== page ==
A phoenix company is where the assets of one Limited Company are moved to another legal entity. Often some or all of the directors remain the same and in some cases, the new company has the same or a similar name to the failed business. The phoenix company will operate in the same sphere as its predecessor.
It is perfectly legal to form a new company from the remnants of a failed company. A director of a failed company can become a director of a new company unless he or she:
Not all legitimate businesses succeed at the first attempt, according to the Small Business Service, one in three businesses close within three years. Business can fail for any number of reasons and there are occasions when honest individuals find they can no longer trade out of their difficulties.
In these cases, the phoenix company arrangement allows a business to start again and for the profitable elements of the failed business to survive, offering some continuity for both suppliers and employees.
In the past, some directors have deliberately forced their companies into insolvency in order to buy back the assets at a reduced price while absolving their responsibility for the liabilities. The Insolvency Act 1986 has made it far more difficult for directors to do this, with stricter rules over the insolvency process and who can become a liquidator. The liquidator must ensure that the best price is obtained for a business and its assets.
In a minority of cases, directors abuse the phoenix company arrangement by transferring the assets of a failing business at less than market value before insolvency, thereby reducing the funds available to creditors when the original company becomes insolvent.
The majority of phoenix companies are perfectly legitimate businesses, but as with all new customers, you should carefully vet them first and in particular follow up trade references and check the directors themselves. Find out why the previous business failed and ensure that the directors are not serial abusers of the phoenix company arrangement. You can find out information on company directors from Companies House or from a status report from a credit ratings agency. Only extend trade credit if you are confident that you will be paid on time.
The Insolvency Act 1986 gives the liquidator a number of powers to stop those who are abusing the system. These include allowing a liquidator to take recovery action where the failed company has entered into a sale at a lower than market value at a time when the company was unable to pay its debts. In addition, the Act makes it an offence for a director of a company which has gone into insolvent liquidation to be a director of a company with the same or a similar name, or concerned in its management, without leave of the court within 5 years after the winding up.
Under the 1986 Company Directors Disqualification Act (CDDA), the courts can disqualify directors whose companies have failed as a direct result of their misconduct, for periods up to 15 years. This will disqualify the person from being a director of a company; acting as receiver of a company's property and being concerned or taking part in the promotion, formation or management of a company. It also disqualifies them from being a member of a limited liability partnership or taking part in the promotion, formation or management of such a partnership.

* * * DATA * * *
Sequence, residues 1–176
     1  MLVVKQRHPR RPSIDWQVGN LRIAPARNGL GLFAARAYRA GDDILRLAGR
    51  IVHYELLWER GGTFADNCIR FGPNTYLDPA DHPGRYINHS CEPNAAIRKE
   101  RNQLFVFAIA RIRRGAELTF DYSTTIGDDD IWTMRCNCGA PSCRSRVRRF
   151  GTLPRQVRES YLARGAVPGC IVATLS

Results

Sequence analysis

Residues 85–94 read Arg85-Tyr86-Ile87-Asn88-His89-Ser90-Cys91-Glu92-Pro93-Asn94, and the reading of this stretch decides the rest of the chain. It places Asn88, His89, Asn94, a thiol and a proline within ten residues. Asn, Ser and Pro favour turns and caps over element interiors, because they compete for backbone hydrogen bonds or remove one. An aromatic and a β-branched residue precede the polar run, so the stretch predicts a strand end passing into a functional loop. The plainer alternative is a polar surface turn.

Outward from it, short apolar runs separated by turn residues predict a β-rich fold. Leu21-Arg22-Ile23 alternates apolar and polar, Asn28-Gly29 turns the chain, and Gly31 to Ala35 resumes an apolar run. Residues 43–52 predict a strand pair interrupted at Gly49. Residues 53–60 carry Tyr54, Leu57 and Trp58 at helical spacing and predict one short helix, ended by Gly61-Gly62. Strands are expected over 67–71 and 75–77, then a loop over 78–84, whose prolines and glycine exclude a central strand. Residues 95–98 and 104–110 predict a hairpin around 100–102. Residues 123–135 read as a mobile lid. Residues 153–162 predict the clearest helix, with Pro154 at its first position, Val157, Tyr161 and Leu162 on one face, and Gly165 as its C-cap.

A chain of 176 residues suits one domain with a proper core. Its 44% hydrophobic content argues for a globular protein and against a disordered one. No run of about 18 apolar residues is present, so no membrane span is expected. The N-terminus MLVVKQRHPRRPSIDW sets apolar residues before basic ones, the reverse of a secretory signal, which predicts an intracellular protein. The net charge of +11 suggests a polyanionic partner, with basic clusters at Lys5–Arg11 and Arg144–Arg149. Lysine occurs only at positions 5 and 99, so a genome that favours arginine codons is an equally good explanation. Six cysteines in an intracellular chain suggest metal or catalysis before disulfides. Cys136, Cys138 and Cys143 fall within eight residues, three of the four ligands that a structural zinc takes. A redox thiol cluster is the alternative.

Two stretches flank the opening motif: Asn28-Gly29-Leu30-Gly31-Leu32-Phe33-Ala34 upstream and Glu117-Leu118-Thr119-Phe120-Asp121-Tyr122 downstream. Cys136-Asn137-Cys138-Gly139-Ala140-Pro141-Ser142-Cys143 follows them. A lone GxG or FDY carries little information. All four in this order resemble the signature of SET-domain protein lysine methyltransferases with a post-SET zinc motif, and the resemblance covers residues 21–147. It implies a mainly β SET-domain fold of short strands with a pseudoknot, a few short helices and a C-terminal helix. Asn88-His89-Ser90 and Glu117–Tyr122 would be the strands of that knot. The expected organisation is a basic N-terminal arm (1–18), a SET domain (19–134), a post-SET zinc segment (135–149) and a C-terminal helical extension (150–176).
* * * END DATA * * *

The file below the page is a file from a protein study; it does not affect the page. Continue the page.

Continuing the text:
It is important to note that the term "director" applies to anyone in the position of a director of a company, whether they are called a director or not. It includes those who give instructions on which the directors or a company are accustomed to act.
Similarly, when a bankruptcy order has been made against an individual, he or she must get the court's permission before becoming a member of a limited liability partnership or acting as a director of, or directly or indirectly taking part in or being concerned in the promotion, formation or management of a company for the duration of the order. For the duration of the order, the person is known as an undischarged bankrupt.
Legislation introduced in April 2004 gave the Official Receiver power to apply to the court for a bankruptcy restrictions order against any bankrupt who he believed to have been dishonest or in some other way to blame for his position. These orders can last for between 2 and 15 years and have the effect of continuing to apply the restrictions of bankruptcy after discharge.
There are two ways suppliers can help to ensure that unscrupulous directors are unable to set up new companies.
If you are a creditor to a business which is undergoing insolvency, it is essential that you help the Official Receiver / Insolvency Practitioner to understand the causes of failure. They have a duty to investigate the affairs of companies in compulsory liquidation and report evidence of criminal offences to a prosecuting agency. If you believe that the company is withholding information about its assets, or if you have information about the conduct of the company, you should write to the Official Receiver / Insolvency Practitioner giving the relevant facts.
If you suspect that an individual is acting in breach of a disqualification or bankruptcy order you should report it to the Insolvency Service. It is a criminal offence to contravene a disqualification order or undertaking, a bankruptcy order or a bankruptcy restrictions order or undertaking. It is also a criminal offence for another person to assist a disqualified person to act in this way.
An Enforcement Questionnaire can be obtained from www.insolvency.gov.uk. A person who contravenes the order or undertaking could become personally liable for any debts of the company which it incurs while the order or undertaking is contravened. Anybody who carries out that person's instructions may also be personally liable. To find out if a director is disqualified, you can search the disqualified directors register at Companies House.
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